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Colonoscopy, the Complete Exam for Colorectal Cancer

        If more people underwent routine screening to find small polyps, experts estimate that the death toll for colorectal cancer would drop 50 to 75 percent, saving around 30,000 to 40,000 lives each year.

        "Colorectal Cancer is a disease that almost no one needs to die from", stated Dr. Nayan Shah, board certified gastroenterologist at Marian Community Hospital, "provided that it is caught in its earliest, most treatable stages. Colorectal cancer is curable in more than 90 percent of the time." While not every polyp is cancerous, most colon cancers begin as a polyp. The removal of pre cancerous polyps from the colon removes the potential for colorectal cancer as well.

       Polyps are tiny grape-like projections that sprout on the inside of the colon and large intestine. These polyps have the potential to grow and become cancerous tumors. While age 50 has been determined as the starting date to begin colorectal testing, a family history or other symptoms may necessitate screenings at age 30 or 40.

       The most complete examination for colorectal cancer is colonoscopy.  During a colonoscopy, the entire length of the large intestine, beginning with the rectum and ending at the beginning of the small bowel is examined. The gastroenterologist or physician uses lighted scopes that serve as the conduit for microscopic instruments and video equipment. A miniature video camera attached to the endoscope affords the physician the opportunity to see inside the colon on a video screen and to photograph specific areas of concern. While watching the screen, the physician is able to perform the procedure. The physician may employ different tools through the scope to remove polyps. This process is generally repeated within a period of five years to check for reoccurrence.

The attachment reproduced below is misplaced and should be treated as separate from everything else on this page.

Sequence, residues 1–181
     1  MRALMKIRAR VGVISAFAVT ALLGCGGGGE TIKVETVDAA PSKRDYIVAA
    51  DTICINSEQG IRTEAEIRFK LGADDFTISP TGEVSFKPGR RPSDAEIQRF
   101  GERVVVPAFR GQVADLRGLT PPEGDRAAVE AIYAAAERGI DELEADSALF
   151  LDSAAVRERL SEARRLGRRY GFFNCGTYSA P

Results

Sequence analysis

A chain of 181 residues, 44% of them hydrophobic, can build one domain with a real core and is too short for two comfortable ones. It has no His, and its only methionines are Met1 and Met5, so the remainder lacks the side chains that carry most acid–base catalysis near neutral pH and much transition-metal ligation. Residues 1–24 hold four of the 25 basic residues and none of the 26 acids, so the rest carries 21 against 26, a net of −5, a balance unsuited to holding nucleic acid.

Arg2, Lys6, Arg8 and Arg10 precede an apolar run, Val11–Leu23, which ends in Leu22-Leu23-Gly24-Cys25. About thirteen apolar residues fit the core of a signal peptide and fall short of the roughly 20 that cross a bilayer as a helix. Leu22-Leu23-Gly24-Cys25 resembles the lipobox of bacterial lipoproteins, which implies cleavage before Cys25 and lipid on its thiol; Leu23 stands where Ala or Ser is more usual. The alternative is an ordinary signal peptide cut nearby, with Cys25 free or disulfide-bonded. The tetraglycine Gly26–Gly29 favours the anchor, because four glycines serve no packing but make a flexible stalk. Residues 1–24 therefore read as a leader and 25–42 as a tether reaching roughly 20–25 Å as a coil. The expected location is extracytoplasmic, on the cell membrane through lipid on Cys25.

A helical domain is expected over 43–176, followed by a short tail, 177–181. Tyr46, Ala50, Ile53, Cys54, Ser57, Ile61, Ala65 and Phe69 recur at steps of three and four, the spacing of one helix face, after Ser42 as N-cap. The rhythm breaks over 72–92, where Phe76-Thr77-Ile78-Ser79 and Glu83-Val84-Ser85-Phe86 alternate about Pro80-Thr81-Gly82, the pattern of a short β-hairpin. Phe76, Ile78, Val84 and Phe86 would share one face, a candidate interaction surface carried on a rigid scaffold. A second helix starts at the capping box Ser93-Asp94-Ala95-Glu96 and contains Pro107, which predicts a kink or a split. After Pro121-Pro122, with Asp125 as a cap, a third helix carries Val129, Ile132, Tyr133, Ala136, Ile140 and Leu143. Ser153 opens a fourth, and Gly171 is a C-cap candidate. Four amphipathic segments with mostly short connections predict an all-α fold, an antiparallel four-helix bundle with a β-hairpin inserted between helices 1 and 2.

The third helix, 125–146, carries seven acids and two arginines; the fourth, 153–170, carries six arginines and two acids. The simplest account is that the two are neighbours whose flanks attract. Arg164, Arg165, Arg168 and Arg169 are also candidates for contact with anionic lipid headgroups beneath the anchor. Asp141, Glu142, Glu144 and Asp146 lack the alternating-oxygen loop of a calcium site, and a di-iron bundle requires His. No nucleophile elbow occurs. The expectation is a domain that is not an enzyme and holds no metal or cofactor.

Colonoscopy is a painless procedure. Conscious sedation is administered by a Certified Registered Nurse Anesthetist, by a qualified Registered Nurse, or by the physician performing the procedure. In addition, nurses and technicians monitor the cardiac functions, blood pressure and continuous usage of oxygen. Preparation for colonoscopy is now available in liquid and pill form. The availability of the preparation in pill form may remove the barrier for many to having this testing done. For more information about colonoscopy, call the GI Lab at Marian Community Hospital, 281-1085.

        Dr. Nayan Shah, Board Certified Gastroenterologist, is the Director of Gastroenterology at Marian Community Hospital. Dr. Shah practices in association with Dr. Mohammed Chowdhury at 141 Salem Avenue, Carbondale, (570) 282-6100. He is an Active Medical Staff Member and practices at Marian Community Hospital. He completed his fellowship in gastroenterology at Albany Medical College, Albany, NY.

        At Marian Community Hospital, Dr. Shah performs endoscopic procedures of the upper and lower digestive tract. Included in these procedures are: gastroscopy, dilation, colonoscopy, sigmoidoscopy, and Endoscopic Retrograde Cholangio Pancreatography (ERCP).

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